A race doctor ran over to me (“Great, so they expected crashes here…”) and asked me if I was ok, pointing at my head with a weird look on his face. “Yeah…” Then I took off my sunglasses and used them as a mirror and sure enough, there was a stream of blood running down my face from my forehead. I felt fine, but wanted to make sure I didn’t have a concussion, so I sat there for a few minutes just thinking about stuff. I seemed to be fine, so I wiped the blood off, the doctor rubbed some iodine on it and covered it with a band-aid, and then I looked down at my bike. It had landed upside down so the saddle and handlebars were bent in odd positions, but that was fixable. A few minutes later I got back on the bike and took off, to many cheers.
From then on I was riding like a total wuss, braking on all the downhills and corners, just thinking that my main goal was to get to the finish line intact. After an uncomfortable, slow ride I got off and actually ran pretty well, despite an increasingly sore hip. I felt proud of myself for fighting through everything and getting to the finish line. I wouldn’t have been happy just to jog in, though. If I was going to do that I’d rather throw in the towel after the crash. I pushed hard to the end, competing the best I could along the way. For the first time in 5 years, I was actually proud of myself for finishing a race.
This race was all about overcoming obstacles. I’ve read about that before. Every time Ironman comes around you read articles about someone who overcame something just to get to the starting line, or who dropped 100lbs training for the event or something similar. You hear a lot of these people say that the event means so much more to them because of what they overcame to start or finish it. Well, I’ve never really felt like I’ve overcome anything too significant before or during a race. I used to be much slower and less skilled, and have steadily gotten stronger and faster, but there has really been nothing specific until this fall.
First there were the expected obstacles. Jetlag, travel and post-race soreness from Worlds. I admit that signing up for Branson only one week later was not ideal for racing well, but I did it because I figured most of my competition would be thinking that as well. The thing is, I selected Branson because of when it fell on the calendar. ITU Worlds was the week before, 70.3 Worlds was the week before, Hy-Vee US Championships was 2 weeks before and Kona was only a couple weeks later. My thought was that anyone who was racing any of those events wouldn’t want to do Branson.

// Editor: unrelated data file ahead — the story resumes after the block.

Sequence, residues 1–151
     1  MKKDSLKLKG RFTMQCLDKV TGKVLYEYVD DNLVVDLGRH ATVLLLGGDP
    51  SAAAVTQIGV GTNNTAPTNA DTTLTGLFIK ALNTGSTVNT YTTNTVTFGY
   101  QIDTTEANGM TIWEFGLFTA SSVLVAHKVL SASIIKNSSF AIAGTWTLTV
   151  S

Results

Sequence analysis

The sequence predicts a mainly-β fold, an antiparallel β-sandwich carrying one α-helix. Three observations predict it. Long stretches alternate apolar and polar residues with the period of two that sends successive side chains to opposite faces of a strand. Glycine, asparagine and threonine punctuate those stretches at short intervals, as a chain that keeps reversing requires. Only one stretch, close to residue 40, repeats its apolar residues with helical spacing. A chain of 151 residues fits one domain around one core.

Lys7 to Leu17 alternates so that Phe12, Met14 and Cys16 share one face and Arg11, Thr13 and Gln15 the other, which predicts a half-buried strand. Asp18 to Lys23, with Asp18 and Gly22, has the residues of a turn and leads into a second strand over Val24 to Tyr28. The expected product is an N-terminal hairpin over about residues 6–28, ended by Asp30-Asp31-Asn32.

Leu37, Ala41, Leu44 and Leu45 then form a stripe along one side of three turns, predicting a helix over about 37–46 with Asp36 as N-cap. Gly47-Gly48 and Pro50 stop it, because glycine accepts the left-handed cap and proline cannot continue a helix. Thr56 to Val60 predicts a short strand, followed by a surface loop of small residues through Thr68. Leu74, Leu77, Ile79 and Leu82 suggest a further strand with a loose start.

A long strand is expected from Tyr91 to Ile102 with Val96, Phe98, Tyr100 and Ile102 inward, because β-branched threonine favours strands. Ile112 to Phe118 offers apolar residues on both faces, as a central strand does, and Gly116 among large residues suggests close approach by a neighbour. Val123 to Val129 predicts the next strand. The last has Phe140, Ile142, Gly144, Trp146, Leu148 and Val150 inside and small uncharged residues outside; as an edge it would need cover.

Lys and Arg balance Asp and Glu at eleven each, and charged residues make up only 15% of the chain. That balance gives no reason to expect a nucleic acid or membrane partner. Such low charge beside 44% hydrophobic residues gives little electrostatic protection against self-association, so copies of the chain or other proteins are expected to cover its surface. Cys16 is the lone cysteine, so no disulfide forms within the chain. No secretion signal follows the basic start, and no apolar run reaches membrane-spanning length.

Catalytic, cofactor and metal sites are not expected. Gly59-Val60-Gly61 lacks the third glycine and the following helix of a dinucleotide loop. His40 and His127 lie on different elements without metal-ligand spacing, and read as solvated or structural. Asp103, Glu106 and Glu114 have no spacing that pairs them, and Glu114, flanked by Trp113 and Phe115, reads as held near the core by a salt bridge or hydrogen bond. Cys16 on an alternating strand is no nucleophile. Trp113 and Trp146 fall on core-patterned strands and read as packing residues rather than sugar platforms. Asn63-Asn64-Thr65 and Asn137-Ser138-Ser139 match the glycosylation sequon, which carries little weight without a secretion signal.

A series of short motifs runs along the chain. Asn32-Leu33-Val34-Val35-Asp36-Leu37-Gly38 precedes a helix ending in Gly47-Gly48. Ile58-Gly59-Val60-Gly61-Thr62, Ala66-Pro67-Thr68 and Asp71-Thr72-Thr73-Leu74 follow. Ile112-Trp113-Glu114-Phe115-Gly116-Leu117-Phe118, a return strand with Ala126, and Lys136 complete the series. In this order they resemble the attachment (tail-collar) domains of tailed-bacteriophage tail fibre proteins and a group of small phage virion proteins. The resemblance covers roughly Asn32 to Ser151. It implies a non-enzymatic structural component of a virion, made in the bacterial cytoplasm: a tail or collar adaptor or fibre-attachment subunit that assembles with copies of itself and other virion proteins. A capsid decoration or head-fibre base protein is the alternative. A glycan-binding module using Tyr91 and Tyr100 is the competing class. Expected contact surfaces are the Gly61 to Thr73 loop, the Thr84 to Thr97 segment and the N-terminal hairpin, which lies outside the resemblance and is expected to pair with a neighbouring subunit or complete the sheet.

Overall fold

Not that I shy away from competition, but when you’re trying to meet qualifications it’s important to choose your races to give you the best chance of success. I knew there would still be good athletes there, just less depth in the field. And I was right. I had looked at the 2010 athlete guide and saw that last year the prize purse was large enough to make it a pro qualifying race. Prior to Worlds, I thought that despite racing in China a week before, I could recover and race well enough to qualify. I did a great job timing when I would sleep on the plane so that jetlag was minimal when I got back.
I didn’t expect not to be able to swim after Worlds, though. My shoulder got worse and worse for a few days and it wasn’t until Friday that I could even swim down the pool. I was sweating it, the race was in two days and my shoulder was still really sore.
Then on my drive down I got the news that came closest to breaking me. The new athlete guide had just come out (yes, only days before the race) and the prize purse had changed. It didn’t change in a good way, and now the race was no longer an elite qualifier. I was doing this for nothing. “What’s the point? I’m tired, sore and slightly injured. I don’t need to prove I can finish this thing. Even if I win it doesn’t matter, I can’t use it for anything. I’ve raced a lot and have had a long season. The weather is horrible, it’s not worth it” These are the thoughts that went through my head upon hearing this news.
It would’ve been really easy to just go through the motions, or even easier to just turn around and drive back to Madison. Luckily, I had a great support crew who talked some sense into me. Summer had decided to come with me down to Branson and while she was disappointed too, she encouraged me to give it my best shot. After all, it’s not worth doing something if you’re not going to give it your best, and we were already here. I’ve come this far, it’s time to finish what I started.
And so that’s the mindset I went into the race with. While it didn’t have any future implications, this was a race and just like any race, an important one. I’m a triathlete, and that’s what I do. I race. It doesn’t matter what I’ve done in the past, or what the future holds. When the gun goes off, the only thing that matters is the task at hand.
I’m not sure how, but I was able to swim the entire way. My shoulder felt 90% and I biked well. If it weren’t for my electrolytes flying off my bike halfway through, this may well have been the breakout race I’ve been looking for. While things went downhill from there, I managed to hold it together well enough for a 5th overall finish. While the depth of the field wasn’t as strong as some races, I am very happy with that result and even more so because of what I had to overcome to do it.
As a side note, my sister wrote a great article about the China trip, which USAT actually put in their newsletter and posted on the front page of their website: